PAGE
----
Ethnobotany and Conservation - Fairchild Tropical Botanic Garden

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Ethnobotany and Conservation - Fairchild Tropical Botanic Garden

Ethnobotany and Conservation

Two thirds of all people in the world depend on plants as their primary

source of medicine!

Approximately twenty-five percent of modern prescriptions medicines

are plant-derived, including some that are helping to fight cancer.

Vincristine, obtained from the Madagascar periwinkle (Catharanthus

roseus), is used in treating childhood leukemia. Taxol, another cancerfighting

drug, is obtained from the bark of the Pacific yew tree (Taxus

brevifolia). Taxol is useful in treating ovarian cancer, breast cancer,

non-small-cell lung cancer and Kaposi’s sarcoma.

The potential to find new medicines from the plant kingdom remains.

However, as forests are being destroyed at a rate of 24 to 60 football

fields per minute 1 , we may be losing these medicines forever.

How Can Ethnobotany Save the Forests?

• Many people are cutting down tropical forest by practicing slash and burn

agriculture (also called swidden agriculture), logging, or cattle ranching.

Area of tropical forest cleared to be burned for agriculture

o Most people cutting down forests are not doing this because they do not

care about the forest, but because they are poor and have to feed their

families. Conservation starts by providing these people with economic

alternatives to forest destruction.

o This is one area where the study of ethnobotany can make a difference.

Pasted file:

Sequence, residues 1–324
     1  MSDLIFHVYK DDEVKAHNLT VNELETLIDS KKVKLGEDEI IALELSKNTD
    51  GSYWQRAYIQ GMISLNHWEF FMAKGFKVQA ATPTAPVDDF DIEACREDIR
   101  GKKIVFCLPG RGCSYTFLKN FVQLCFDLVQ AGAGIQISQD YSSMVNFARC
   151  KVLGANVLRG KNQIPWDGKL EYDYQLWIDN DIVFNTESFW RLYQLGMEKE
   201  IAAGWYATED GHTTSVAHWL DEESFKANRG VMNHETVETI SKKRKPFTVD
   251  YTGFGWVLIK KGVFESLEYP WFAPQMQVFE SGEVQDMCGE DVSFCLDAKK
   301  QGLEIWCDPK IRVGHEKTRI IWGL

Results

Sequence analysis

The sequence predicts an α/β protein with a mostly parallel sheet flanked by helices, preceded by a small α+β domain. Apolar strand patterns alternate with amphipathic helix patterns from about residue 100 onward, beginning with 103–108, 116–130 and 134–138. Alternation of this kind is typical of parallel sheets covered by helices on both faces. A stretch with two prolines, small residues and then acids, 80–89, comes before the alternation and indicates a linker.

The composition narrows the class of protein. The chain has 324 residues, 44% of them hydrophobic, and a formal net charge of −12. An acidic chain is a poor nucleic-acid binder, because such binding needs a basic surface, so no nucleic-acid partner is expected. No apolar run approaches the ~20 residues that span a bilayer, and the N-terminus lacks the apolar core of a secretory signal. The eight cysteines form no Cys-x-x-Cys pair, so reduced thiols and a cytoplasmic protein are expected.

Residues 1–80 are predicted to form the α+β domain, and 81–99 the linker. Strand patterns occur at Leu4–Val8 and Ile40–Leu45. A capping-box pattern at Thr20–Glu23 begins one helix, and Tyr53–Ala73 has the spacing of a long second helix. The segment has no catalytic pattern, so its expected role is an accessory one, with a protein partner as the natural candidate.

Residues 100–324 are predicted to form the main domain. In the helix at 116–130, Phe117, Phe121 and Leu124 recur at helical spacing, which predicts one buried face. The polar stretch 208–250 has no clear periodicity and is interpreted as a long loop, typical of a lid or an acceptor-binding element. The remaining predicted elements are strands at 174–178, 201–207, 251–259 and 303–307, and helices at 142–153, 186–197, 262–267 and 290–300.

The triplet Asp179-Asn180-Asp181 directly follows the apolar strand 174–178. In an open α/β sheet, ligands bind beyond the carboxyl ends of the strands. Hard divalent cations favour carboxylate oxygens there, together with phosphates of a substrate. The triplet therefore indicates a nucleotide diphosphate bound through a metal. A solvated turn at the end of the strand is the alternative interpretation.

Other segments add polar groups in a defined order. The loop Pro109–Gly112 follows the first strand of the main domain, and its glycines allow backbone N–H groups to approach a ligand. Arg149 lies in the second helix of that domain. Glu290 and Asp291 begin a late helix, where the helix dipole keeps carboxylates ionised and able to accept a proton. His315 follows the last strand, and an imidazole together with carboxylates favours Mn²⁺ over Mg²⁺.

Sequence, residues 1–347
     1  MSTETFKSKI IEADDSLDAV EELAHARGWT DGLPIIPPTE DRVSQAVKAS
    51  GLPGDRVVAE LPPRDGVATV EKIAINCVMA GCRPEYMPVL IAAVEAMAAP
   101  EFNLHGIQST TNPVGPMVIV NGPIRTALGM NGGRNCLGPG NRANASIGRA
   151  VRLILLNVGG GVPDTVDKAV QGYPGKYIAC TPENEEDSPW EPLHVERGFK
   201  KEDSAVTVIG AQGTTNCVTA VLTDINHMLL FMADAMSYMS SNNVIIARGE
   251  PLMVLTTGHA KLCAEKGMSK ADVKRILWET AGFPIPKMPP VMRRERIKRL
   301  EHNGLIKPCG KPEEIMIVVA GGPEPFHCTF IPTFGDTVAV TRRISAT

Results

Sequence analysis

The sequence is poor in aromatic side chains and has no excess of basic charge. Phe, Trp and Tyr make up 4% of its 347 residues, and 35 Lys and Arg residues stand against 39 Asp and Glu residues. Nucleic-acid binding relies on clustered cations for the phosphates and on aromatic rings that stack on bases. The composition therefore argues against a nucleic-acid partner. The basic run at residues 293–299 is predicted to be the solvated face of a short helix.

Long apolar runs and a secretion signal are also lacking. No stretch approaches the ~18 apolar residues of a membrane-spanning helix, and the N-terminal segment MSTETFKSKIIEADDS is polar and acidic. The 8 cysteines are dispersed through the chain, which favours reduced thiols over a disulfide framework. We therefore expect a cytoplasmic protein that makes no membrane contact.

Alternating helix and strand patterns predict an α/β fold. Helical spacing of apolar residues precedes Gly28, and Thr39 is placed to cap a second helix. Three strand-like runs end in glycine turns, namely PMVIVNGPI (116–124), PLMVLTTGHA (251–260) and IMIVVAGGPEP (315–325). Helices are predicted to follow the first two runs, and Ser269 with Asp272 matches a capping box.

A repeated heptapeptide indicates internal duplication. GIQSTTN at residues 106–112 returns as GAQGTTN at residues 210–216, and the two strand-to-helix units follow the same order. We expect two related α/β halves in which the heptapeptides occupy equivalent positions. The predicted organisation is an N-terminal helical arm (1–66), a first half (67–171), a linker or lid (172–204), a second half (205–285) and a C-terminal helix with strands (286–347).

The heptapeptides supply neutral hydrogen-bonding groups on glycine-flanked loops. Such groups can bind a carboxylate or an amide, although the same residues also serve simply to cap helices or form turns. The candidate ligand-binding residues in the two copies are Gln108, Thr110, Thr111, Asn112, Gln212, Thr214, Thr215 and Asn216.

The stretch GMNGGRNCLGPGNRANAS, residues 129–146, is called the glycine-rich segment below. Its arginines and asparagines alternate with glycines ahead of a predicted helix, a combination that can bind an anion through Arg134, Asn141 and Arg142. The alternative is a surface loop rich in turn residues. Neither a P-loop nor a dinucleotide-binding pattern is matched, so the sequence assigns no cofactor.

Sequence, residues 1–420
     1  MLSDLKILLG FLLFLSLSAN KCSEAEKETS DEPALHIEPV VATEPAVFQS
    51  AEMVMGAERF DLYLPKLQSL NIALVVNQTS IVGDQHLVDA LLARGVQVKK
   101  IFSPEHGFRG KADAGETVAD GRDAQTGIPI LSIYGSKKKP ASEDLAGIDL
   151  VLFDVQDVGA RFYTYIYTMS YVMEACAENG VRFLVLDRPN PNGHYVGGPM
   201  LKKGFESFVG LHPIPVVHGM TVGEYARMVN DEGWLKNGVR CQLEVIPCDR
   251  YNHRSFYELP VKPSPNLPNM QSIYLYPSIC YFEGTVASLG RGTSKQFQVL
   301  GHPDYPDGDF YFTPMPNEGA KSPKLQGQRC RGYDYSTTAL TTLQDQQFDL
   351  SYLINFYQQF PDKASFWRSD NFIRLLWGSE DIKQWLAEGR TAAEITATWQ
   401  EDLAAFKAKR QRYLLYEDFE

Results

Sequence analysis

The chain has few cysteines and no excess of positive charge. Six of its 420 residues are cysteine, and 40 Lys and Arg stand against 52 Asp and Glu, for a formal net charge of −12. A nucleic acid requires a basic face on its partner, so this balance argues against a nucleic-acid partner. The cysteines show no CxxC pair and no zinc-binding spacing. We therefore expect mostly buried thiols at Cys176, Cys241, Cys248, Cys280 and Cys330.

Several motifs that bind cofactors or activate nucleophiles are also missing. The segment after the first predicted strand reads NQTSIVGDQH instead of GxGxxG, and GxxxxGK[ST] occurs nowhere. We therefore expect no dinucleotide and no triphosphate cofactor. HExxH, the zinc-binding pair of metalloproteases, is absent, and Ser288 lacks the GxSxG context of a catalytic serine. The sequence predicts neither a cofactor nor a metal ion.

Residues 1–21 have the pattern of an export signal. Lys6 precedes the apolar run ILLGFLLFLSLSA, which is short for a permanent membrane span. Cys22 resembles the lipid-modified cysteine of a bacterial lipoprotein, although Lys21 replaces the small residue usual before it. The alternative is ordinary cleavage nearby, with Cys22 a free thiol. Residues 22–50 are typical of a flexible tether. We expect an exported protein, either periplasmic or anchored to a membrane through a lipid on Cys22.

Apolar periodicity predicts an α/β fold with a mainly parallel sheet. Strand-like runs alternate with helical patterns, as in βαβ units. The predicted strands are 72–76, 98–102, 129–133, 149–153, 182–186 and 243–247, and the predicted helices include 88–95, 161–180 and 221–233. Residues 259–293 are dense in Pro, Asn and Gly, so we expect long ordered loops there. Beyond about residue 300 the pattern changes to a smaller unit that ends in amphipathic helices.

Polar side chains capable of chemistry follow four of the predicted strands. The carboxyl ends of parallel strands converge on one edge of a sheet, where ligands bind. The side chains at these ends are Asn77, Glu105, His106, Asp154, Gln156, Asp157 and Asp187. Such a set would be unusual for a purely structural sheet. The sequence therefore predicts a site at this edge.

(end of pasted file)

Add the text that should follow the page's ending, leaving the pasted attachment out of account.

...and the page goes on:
Forests are full of useful plants, including plants that are used for foods,

medicines, fibers, latex, oils, paints, dyes, natural insecticides, soaps,

perfumes, and ornamentals. These plant products are now commonly

referred to as Non-Timber Forest Products (NTFPs). Together, all of


these plant uses are worth more than the value of their timber! Peters et al.

indicated this in a study conducted in 1989.

o Ethnobotanists are helping to develop Non-Timber Forest Products that

can be marketed by local forest inhabitants, and in doing this these people

can make a living selling these products instead of cutting down the forest!

• Agroforestry is another alternative to forest destruction. Agroforestry integrates

forest conservation with agriculture. Instead of burning down trees to grow crops,

a person can grow crops together with trees that have uses. They can then

cultivate timber trees from their agroforestry plot instead of harvesting timber

from natural forest.

An Agroforestry plot – looks just like forest!

o Agroforestry plots mimic the natural forest ecosystem. Birds and wildlife

can still nest and forage there. At the same time, the people can sell their

crops, non-timber forest products and timber trees that they produce in

these agroforestry plots.

o Ethnobotanists are helping to create and manage agroforestry systems

throughout the tropics.

What can you do to make a difference?

1. Buy “shade grown” coffee instead of regular coffee– what is meant by “shade

grown”? This is coffee that is grown with trees in an Agroforestry system! Shade

coffee plantations are said to be good for bird populations.

2. When buying furniture and other products made from hardwoods, check to see if

it is certified by Smartwood or the Forest Stewardship Council (FSC). These are

organizations that ensure timber harvest is ecologically sound, and help producers

responsibly manage timber resources. They only put their seal of approval on

sustainably harvested wood.

3. Reduce, reuse and recycle as much as possible.

1 Statistics from the World Resources Institute (WRI) 1990-1995

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